Target Meaningful Projects
Your green team’s agenda is often dictated by corporate sustainability goals, tenant demands, and operational expenses.
“Many companies will start with initiatives that impact the bricks and mortar of a building – energy management, water conservation, landscaping practices, and waste diversion,” Snow explains. “These are functional areas that are attractive to improve.”
They also tend to be economically feasible, have quick paybacks, engage employees, provide high visibility, and are easy to roll out.
“Green cleaning, carbon footprint, and water conservation are popular areas to focus on,” notes McFadden. “Waste reduction also yields many opportunities with recycling, reuse, cradle-to-cradle procurement, and composting programs.”
The team might develop policies for telecommuting, car sharing, bike racks, and sustainable catering.
As an auxiliary to your FM department, the group may also be assigned to research the viability of specific projects, such as certifications, a vegetated roof, or occupancy controls. They could even oversee data population for programs such as ENERGY STAR’s Portfolio Manager.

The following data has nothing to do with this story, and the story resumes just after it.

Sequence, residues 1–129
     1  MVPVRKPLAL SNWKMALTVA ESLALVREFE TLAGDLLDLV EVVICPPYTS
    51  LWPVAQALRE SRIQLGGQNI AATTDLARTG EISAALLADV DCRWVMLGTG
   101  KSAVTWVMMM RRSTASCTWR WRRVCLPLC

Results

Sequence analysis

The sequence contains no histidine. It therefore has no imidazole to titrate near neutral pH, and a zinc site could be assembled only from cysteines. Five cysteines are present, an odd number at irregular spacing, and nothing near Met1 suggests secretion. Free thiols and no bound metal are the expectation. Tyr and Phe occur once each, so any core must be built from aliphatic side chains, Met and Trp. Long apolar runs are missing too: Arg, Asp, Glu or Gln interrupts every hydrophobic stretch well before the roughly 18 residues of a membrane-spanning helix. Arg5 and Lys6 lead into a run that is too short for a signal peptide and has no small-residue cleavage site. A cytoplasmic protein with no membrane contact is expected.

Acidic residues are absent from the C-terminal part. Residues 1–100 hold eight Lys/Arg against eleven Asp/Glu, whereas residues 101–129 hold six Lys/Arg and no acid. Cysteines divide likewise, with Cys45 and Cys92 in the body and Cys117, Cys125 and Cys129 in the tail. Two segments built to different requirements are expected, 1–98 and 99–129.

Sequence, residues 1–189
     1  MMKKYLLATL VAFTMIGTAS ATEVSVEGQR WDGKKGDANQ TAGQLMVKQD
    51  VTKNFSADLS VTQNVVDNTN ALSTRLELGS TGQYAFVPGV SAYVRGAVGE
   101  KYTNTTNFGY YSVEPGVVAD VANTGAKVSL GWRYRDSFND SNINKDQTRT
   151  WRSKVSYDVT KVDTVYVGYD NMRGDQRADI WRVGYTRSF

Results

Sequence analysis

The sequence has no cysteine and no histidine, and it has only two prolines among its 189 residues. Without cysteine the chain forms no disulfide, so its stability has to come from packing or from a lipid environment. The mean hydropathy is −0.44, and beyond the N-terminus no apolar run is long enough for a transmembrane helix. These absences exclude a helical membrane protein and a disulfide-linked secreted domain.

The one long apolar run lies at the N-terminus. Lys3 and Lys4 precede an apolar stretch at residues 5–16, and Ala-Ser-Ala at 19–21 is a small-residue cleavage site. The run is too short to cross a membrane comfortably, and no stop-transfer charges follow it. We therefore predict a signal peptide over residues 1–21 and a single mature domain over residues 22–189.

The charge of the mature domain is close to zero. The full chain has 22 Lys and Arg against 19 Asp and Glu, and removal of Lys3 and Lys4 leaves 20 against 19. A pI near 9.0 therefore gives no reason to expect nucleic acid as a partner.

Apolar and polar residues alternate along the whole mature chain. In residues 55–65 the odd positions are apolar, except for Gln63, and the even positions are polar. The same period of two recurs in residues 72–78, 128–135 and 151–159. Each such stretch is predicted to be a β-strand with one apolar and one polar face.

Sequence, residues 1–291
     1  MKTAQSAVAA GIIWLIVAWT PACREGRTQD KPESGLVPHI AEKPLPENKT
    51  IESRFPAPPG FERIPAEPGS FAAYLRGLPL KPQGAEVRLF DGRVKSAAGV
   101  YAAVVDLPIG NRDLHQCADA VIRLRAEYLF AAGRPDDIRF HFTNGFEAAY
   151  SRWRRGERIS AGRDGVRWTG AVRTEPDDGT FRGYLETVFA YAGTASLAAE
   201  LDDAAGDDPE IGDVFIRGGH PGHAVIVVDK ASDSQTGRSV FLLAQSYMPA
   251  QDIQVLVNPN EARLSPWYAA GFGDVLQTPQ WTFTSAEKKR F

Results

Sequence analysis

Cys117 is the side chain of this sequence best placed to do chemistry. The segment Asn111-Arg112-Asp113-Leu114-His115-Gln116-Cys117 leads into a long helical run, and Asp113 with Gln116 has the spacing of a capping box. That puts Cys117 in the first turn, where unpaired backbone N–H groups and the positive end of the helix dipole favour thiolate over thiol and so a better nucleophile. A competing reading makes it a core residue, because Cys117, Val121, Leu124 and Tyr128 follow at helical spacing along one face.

An often overlooked area of sustainability is occupant health, says Snow. Indoor air quality, daylighting, and green cleaning have all been shown to have a strong bearing on employee satisfaction, productivity, and absenteeism.
Plan for Long-Term Success
As with any group, green teams can peter out if they aren’t structured to keep the wheels perpetually in motion.
Make sure your green team hasn’t been formed with an expiration date, says Snow. If members were tapped to usher a building through the LEED process, for example, what happens after the certification has been achieved? The group no longer has a purpose and often disbands.
The group also needs to establish benchmarks, collect data, and measure results for all projects in order to prove return on investment.
“Sometimes green teams have to overcome the myth that sustainability is incompatible with economic prosperity,” adds McFadden.
It’s also important to note the limitations of a green team. These groups provide an invaluable service, but they can only be tasked to do so much.
“Some companies mistakenly think that by forming a committee, they’re going to change their facility operations. A committee should be a recommending body, not an execution group,” Snow stresses. “They’re not designed to implement projects – that’s where the FM department steps in.”
Jennie Morton firstname.lastname@example.org is associate editor of BUILDINGS.